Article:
Use this URL to cite or link to this record in EThOS: https://ethos.bl.uk/OrderDetails.do?uin=uk.bl.ethos.769395
Title: Methods for analysis and integration of heterogeneous network data
Author: Gligorijevic, Vladimir
ISNI:       0000 0004 7657 5820
Awarding Body: Imperial College London
Current Institution: Imperial College London
Date of Award: 2017
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Abstract:
In many areas of science and technology data describing a phenomenon or a system of interest and its individual components can be obtained from different types of instruments, using different acquisition techniques and experimental setups. Furthermore, many systems can be characterized by different data sets obtained by observing the system from different perspectives, under different conditions, or at different points in time. For example, in biology and biomedicine, rapid technological advances have led to the production of such heterogeneous and multimodal data, and enabled construction of complex networks with various types of interactions between diverse biological entities. Conventional network data analysis methods were shown to be limited in dealing with such multi-relational network data, as they are designed specifically for analysis of single-relational networks. Therefore, in this Thesis, we propose novel integrative methods that can collectively mine multiple types of biological networks and create more accurate integrative models capable of producing more holistic, systems-level biological insights. The proposed methods are based on Non-negative Matrix Factorization, a dimensionality reduction technique, that is further extended for learning and modelling dependencies between large-scale heterogeneous and multimodal network data. Our methods have a wide range of applications of which we focus on those from systems biology and biomedicine, including protein function prediction, multiple network alignment, extraction of composite functional modules from multimodal biological networks, and problems in precision medicine, including patient strati cation, drug repurposing and cancer driver gene prediction. In each of these applications we show that our methods outperform existing methods, provide biological insights and generate novel hypothesis that could guide future research and biological experiments.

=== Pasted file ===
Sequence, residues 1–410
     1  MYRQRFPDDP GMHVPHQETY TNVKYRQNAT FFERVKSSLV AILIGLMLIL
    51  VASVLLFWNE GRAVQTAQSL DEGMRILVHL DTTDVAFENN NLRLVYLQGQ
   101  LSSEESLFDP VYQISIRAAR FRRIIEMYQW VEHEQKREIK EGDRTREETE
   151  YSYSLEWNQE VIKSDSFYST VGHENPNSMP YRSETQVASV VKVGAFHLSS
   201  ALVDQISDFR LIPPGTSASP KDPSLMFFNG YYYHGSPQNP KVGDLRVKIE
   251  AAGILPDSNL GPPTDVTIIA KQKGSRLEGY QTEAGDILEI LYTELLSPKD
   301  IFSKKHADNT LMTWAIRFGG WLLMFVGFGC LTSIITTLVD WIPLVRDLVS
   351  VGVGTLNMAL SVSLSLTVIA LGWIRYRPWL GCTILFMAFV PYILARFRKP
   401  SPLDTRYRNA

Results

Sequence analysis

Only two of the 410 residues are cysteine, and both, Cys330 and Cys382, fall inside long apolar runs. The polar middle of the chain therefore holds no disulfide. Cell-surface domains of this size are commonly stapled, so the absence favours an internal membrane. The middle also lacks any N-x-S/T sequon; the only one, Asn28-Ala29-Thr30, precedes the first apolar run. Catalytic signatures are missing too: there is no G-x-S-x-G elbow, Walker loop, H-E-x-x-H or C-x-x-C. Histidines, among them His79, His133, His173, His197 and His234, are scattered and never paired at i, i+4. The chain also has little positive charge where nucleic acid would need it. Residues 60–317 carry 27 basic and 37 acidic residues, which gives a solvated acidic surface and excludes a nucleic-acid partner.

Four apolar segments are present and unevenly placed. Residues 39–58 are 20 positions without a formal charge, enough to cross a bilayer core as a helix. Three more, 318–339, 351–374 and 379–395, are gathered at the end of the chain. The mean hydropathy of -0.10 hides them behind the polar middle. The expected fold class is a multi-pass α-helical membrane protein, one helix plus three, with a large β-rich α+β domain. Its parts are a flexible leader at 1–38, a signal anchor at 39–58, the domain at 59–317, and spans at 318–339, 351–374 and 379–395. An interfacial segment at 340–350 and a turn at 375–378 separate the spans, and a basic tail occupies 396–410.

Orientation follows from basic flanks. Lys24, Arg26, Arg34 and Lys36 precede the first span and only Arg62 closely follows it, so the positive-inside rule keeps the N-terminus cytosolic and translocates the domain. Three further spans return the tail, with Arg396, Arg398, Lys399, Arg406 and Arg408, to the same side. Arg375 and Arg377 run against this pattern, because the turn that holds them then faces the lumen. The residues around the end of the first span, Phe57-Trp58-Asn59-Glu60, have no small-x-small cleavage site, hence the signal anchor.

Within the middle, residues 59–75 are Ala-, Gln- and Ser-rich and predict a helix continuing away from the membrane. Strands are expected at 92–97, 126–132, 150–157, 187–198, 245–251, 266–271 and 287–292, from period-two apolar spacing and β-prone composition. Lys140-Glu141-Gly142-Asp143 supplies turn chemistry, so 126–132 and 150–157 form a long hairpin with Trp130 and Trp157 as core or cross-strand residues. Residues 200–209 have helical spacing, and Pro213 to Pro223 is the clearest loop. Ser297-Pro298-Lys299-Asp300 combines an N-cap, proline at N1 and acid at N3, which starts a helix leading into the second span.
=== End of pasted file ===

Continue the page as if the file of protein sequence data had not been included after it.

Supervisor: Zafeiriou, Stefanos Sponsor: Not available
Qualification Name: Thesis (Ph.D.) Qualification Level: Doctoral
EThOS ID: uk.bl.ethos.769395  DOI:
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